In May 1945, with the collapse of the protectorate, de facto control of the Government Army passed to the returned Czechoslovak government which deactivated the force after first transferring some of its soldiers to the reconstituted Czechoslovak Army.
Prior to 1944, Government Army forces were primarily deployed to provide security along railroad lines, to support civil defense, for public duties assignments, and – during the winter of 1943 to 1944 – in a short-lived effort to capture parachutist drop sites in Bohemia and Moravia used by Czech resistance figthers. According to one account, when asked by a subordinate officer what Protectorate soldiers should do in the event they successfully intercepted parachutists, Gen. Jaroslav Eminger replied, "if there are few you will ignore them, if there are many you will join them".
In 1943, Minister of Education Emanuel Moravec advanced a proposal to deploy the army to the Eastern Front in support of German operations. State President Hácha discussed the proposal with SS-Obergruppenführer Karl Hermann Frank who ultimately decided not to forward it to Adolf Hitler.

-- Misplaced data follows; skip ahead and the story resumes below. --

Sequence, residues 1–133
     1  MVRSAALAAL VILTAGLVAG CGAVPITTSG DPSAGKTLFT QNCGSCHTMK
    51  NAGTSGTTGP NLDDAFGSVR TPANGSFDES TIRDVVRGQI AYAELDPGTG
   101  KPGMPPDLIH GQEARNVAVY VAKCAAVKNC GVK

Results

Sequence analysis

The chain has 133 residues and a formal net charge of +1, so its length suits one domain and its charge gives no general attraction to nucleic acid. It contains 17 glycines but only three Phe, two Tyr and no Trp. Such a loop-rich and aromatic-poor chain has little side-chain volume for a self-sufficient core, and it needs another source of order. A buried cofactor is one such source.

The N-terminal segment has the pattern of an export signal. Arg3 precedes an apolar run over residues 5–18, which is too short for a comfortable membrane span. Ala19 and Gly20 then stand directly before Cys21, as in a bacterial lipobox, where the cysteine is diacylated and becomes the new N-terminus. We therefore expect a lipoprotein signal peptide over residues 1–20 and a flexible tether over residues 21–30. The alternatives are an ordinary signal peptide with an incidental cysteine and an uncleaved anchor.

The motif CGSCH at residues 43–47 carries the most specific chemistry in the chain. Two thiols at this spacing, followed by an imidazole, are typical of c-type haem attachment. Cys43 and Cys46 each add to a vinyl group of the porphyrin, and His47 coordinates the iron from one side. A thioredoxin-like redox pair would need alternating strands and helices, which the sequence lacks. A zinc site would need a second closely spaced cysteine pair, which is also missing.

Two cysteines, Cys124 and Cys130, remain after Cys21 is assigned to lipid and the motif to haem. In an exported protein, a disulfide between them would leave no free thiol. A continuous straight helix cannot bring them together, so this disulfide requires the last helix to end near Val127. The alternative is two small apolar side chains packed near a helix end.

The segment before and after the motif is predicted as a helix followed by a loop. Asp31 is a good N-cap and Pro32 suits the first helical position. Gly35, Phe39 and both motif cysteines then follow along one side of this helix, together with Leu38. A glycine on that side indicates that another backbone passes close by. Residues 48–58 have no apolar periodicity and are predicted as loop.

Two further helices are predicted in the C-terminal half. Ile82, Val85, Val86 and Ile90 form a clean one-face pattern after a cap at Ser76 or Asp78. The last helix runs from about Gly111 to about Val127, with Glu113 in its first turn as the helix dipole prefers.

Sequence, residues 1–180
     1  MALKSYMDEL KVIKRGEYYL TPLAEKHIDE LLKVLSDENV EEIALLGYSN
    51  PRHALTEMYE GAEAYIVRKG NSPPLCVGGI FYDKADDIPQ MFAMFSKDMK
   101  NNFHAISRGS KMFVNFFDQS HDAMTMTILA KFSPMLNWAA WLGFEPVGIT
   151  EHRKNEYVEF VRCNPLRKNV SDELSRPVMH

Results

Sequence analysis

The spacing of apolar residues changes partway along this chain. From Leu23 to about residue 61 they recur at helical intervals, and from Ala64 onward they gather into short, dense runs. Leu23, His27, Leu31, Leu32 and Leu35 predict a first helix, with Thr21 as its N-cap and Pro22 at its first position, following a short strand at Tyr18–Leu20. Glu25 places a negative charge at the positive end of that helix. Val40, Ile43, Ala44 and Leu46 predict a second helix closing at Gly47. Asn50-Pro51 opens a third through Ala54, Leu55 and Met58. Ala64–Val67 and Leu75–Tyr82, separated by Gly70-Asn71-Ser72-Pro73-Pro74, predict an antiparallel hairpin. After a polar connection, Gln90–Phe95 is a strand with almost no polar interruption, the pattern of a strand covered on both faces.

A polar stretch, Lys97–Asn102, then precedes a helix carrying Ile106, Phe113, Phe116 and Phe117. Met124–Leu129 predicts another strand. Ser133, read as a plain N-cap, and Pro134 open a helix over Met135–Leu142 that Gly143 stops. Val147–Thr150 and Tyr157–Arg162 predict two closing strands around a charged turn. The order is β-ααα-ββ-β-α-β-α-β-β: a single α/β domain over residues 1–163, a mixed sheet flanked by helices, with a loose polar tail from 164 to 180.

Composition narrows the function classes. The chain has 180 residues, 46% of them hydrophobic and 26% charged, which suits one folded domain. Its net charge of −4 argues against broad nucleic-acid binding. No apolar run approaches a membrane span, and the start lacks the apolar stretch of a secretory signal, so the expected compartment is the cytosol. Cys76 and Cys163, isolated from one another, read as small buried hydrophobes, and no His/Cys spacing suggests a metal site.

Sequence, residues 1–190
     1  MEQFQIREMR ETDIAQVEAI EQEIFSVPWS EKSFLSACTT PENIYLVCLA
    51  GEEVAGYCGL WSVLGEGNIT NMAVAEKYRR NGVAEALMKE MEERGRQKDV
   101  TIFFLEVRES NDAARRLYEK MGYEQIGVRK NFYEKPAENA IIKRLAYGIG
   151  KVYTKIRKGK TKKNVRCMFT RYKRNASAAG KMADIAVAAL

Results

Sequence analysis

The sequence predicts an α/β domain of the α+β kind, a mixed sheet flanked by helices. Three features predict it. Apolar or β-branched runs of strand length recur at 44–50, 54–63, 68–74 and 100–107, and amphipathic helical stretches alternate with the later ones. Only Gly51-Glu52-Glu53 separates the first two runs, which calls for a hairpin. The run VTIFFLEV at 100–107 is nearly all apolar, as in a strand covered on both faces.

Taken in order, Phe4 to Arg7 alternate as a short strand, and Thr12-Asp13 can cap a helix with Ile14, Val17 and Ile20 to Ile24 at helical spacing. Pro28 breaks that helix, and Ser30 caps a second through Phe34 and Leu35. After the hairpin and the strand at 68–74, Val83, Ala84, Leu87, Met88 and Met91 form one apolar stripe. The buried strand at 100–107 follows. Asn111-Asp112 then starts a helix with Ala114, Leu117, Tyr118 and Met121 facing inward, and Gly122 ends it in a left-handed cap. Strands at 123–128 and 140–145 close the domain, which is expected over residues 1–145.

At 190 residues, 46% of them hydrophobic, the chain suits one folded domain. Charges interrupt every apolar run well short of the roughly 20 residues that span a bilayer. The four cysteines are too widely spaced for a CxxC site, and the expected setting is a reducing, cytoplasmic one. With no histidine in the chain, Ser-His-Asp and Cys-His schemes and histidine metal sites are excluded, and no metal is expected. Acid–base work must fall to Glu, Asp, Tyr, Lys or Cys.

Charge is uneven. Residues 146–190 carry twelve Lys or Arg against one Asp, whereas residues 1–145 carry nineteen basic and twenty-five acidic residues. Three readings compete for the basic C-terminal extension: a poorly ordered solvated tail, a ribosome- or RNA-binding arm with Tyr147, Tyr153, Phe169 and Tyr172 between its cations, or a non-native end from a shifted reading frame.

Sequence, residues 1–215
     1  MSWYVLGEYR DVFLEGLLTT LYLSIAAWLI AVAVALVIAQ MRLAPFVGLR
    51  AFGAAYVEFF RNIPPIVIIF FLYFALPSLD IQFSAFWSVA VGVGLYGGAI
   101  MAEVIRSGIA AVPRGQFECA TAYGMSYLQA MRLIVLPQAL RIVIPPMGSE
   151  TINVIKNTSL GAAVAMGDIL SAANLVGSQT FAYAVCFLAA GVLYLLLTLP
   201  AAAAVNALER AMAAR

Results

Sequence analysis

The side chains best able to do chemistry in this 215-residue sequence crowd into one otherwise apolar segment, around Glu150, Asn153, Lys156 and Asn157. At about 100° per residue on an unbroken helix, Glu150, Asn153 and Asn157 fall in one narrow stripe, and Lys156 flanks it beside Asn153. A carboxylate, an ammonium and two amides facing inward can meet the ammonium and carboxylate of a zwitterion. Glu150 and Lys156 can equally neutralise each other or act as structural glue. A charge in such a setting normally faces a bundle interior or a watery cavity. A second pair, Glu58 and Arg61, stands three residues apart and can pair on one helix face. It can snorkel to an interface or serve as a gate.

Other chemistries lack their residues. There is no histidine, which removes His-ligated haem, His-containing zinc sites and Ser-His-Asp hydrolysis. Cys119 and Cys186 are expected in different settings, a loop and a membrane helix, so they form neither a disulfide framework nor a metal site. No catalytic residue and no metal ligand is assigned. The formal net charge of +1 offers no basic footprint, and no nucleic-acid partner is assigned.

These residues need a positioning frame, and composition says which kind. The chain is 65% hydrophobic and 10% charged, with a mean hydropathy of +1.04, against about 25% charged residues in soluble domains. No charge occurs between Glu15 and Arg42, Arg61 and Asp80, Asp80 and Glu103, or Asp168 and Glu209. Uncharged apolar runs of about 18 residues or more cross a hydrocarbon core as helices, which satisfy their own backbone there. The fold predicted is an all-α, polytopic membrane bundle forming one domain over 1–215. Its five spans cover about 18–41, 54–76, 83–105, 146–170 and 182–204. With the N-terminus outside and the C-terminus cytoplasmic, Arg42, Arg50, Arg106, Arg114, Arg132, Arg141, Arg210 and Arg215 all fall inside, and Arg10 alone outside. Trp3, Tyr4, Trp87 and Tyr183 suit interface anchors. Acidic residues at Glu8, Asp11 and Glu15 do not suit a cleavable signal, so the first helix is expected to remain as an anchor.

The Government Army's only foreign deployment came in May 1944 when the entire army – with the exception of the 1st Battalion – was moved to northern Italy to support German military operations there. Responsibilities in Italy were limited to a passive role in the construction of fortifications and field positions. While in Italy, approximately 600 of the Czech soldiers deserted to the side of the Italian partisans, due in part to the effects of the propaganda campaign "Operation Sauerkraut" of the United States' Office of Strategic Services.
On May 5, 1945, the 1st Battalion of the Government Army revolted and joined Czech partisans in the Battle of Czechoslovak Radio. Three days later, a separate force of the army moved to the Old Town Hall to assist in its defense from German attack.
The Government Army was only equipped with light arms in the form of vz. 24 pistols, M1898 revolvers, Mannlicher M1895 rifles, and bayonets. A plan to raise a cavalry troop was shelved due to a lack of horses. Its uniforms were based on those of the defunct Czechoslovak Army, using rank insignia from the former Austrian Army.
The Government Army's only decoration was an Achievement Badge created in 1944 and awarded in three classes for "repeated assistance to the German forces".
Whether or not the Government Army can be considered a collaborationist force, or merely the submissive military of a defeated state, has been debated. Its commanding officer, Jaroslav Eminger, was tried and acquitted on charges of collaboration following World War II, some members of the force engaged in active resistance operations simultaneous with their service in the army, and – in the waning days of the conflict – elements of the army joined in the Prague Uprising.
In March 1945 Germany authorized the creation of the St. Wenceslas Company (Czech: Svatováclavská rota), a foreign legion of Czech volunteers to serve with the Waffen-SS. Recruitment fell below German objectives and the unit never saw combat.